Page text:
What gravity is, as pointed out by Newton and Einstein, is still a mystery. Adding to that conundrum is dark energy which continues to inflate the cosmos. Both Newton and Einstein, and every one else as far as I am able to discern, assume that gravity works by drawing massive bodies together...
So the universe is expanding, and galaxies are getting farther apart from one another on average. Does this motion count the same as ordinary motion, in that if a galaxy is being expanded away from us at 0.5c, that clocks in that galaxy would appear to tick slower at 0.866 the rate of clocks here?
The fundamental building blocks of the universe is thought of super strings, if proved can solve the mysteries of the universe but if proved than how? And how can it solve the mysteries of dark energy &dark matter and black holes?
I'm not an expert in this matter, and at best only aware of some superficial facts and a layman's understanding of them. So please forgive me for any ignorant mistakes in my thoughts, and kindly point them out to me.
Going by the Lambda-CDM model, the expansion of the Universe will eventually...
I am confused about the cosmological constant and dark energy. In the most accepted theory, energy is created as the vacuum of space expands. This contravenes the conservation of energy. The law of conservation of energy does not hold in curved spacetime but isn't our universe flat spacetime ...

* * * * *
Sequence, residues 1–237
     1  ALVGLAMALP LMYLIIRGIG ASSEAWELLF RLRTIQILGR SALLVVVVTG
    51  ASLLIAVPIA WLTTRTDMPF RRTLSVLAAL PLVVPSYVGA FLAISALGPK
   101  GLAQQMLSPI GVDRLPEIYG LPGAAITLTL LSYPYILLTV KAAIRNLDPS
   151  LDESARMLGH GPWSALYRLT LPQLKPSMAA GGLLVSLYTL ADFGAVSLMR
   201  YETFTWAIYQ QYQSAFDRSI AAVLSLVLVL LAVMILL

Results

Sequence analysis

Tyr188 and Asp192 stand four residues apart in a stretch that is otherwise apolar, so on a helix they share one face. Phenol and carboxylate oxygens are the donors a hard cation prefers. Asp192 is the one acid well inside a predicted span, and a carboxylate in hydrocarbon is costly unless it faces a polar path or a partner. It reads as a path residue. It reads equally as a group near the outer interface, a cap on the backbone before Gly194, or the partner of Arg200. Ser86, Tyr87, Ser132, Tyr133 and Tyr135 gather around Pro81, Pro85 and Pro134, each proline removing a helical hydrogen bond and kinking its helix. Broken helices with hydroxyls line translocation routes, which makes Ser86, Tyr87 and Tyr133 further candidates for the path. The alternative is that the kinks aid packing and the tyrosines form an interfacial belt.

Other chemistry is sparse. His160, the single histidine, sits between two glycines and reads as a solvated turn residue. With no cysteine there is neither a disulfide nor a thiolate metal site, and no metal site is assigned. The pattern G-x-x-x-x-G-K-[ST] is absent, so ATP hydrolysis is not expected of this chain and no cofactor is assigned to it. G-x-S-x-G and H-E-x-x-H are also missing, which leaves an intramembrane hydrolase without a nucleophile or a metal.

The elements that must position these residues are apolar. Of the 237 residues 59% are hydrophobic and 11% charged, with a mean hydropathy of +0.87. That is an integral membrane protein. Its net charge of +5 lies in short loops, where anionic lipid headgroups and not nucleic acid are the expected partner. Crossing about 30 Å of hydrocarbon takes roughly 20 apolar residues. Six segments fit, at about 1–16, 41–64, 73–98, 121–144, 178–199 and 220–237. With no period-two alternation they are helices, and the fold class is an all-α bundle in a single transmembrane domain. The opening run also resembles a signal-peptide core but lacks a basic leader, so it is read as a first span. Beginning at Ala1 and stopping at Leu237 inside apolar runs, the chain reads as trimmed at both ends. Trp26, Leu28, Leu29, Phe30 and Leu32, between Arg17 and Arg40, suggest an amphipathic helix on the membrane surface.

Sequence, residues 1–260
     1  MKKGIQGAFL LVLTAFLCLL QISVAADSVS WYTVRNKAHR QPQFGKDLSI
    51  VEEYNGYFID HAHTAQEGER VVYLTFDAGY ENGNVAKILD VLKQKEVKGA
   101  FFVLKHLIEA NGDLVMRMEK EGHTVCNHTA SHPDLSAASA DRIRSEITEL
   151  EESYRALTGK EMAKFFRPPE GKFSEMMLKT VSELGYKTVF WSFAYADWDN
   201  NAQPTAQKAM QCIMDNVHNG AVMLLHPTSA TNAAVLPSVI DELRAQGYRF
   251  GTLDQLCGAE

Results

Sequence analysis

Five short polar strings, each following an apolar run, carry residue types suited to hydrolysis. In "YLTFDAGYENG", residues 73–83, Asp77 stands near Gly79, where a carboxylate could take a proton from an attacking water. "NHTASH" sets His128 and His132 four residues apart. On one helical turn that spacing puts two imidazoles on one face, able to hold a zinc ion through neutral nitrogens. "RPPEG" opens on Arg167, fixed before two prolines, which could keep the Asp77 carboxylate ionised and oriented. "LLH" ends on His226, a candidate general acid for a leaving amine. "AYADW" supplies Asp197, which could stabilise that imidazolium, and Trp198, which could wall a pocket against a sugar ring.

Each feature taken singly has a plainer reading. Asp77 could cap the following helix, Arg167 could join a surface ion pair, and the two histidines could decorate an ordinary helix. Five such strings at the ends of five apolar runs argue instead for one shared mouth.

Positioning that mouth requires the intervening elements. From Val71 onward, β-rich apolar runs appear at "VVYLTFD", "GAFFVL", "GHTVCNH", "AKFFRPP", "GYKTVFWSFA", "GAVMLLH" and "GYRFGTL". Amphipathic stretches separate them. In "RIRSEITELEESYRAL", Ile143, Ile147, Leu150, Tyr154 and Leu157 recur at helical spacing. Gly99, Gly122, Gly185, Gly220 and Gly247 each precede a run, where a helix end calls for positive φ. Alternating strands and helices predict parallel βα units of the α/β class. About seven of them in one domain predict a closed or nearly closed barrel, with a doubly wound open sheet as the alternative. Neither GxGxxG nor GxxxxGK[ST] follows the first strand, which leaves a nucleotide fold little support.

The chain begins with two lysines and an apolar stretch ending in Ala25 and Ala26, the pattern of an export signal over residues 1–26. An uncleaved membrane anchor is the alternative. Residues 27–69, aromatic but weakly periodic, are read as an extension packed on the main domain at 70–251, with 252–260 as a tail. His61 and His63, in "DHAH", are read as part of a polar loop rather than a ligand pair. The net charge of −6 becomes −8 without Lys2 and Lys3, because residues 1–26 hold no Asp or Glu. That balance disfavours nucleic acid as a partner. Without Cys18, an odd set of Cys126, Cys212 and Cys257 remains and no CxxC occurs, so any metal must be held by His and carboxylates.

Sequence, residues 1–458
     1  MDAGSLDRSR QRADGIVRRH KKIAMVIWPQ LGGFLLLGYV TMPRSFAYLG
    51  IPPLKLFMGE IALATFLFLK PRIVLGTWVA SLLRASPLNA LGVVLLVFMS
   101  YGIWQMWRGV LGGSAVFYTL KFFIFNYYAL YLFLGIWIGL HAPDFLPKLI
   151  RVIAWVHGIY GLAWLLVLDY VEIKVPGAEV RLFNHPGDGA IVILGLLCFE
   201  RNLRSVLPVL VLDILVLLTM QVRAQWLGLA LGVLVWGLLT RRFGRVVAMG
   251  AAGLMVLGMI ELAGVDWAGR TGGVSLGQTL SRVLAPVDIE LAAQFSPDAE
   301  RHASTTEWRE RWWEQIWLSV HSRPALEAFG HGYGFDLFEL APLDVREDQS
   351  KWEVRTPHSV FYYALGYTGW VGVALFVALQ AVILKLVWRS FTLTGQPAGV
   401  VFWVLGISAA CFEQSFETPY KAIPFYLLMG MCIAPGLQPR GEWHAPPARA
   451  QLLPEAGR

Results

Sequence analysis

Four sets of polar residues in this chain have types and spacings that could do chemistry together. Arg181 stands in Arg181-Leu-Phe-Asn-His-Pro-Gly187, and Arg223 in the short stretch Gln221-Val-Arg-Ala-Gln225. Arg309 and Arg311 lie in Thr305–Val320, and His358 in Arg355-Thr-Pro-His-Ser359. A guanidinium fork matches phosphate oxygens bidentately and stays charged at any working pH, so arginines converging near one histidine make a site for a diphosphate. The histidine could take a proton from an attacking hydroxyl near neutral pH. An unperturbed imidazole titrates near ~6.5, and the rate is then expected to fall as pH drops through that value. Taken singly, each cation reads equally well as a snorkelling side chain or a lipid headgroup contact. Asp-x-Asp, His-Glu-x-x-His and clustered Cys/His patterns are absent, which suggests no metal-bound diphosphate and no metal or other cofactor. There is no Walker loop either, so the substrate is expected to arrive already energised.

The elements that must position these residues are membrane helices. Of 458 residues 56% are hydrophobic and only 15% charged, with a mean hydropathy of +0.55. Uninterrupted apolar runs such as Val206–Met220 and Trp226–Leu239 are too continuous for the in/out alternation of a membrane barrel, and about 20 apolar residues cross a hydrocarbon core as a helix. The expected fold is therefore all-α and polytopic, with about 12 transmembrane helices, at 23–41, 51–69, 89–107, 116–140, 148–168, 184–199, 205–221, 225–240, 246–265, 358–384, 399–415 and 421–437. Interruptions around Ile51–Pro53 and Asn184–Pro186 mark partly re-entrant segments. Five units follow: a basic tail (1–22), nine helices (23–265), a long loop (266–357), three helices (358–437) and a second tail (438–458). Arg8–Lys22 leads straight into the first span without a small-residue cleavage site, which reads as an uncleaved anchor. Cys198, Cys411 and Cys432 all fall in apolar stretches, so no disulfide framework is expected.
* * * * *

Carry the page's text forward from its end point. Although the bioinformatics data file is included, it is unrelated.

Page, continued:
I should clarify, I am a linux administrator by trade and I have no physics or scientific background outside of working at a medical institute, So if my ideas are off and seem wild and misguided, please forgive my ignorance, and while you are at it be grateful for a fresh perspective. (joke) So...
As I am watching the current season of How the Universe Works, I am a bit confused when listening to physicists talking about energy as if it was a thing.
The way I understand it, energy doesn't exist by itself, but is rather the result of interactions involving matter.
Energy is released...
Dr James Farnes of Oxford's e-Research Centre recently proposed a new model which unifies dark energy and dark matter into a single phenomenon - a fluid which possesses "negative mass".
https://news.sky.com/story/mystery-of-dark-matter-may-have-been-solved-by-oxford-scientists-11572089
The paper...
I’m thinking about modifying some force related equations to include dark energy in them for an essay on physics. My reasoning is that if it can separate galaxies the objects in our day to day lives must also have a small tendency to move apart. To do so, I have to dispose of an already done...
First of all, sorry for my naive question here which likely doesn't make sense.
The universe is currently expanding with galaxies receding from each other at increasingly faster pace. Is it possible that the universe is a closed hypersphere system, where galaxies are actually not actively...
I pulled this quote from an article on the Hubble Constant:
"...for example, if the Hubble Constant was determined to be 50 km/s/Mpc, a galaxy at 10 Mpc, would have a redshift corresponding to a radial velocity of 500 km/s."
In this illustration provided from the article, if this was the...
this graph: http://www.pnas.org/content/pnas/112/11/3173/F1.large.jpg?width=800&height=600&carousel=1
from: http://www.pnas.org/content/112/11/3173
can be found on many sites.
the origin is D=0 and t=0.
cosmology claims the universe is accelerating over time. the graph shows acceleration over...
@vanhees71 reminds us that
which suggests something I've wondered about for a while, whether dark matter might be adequately modeled by generalized free fields, which do not have asymptotic free states. Ray Streater, in Rep. Prog. Phys. 1975 38 771-846, "Outline of axiomatic relativistic...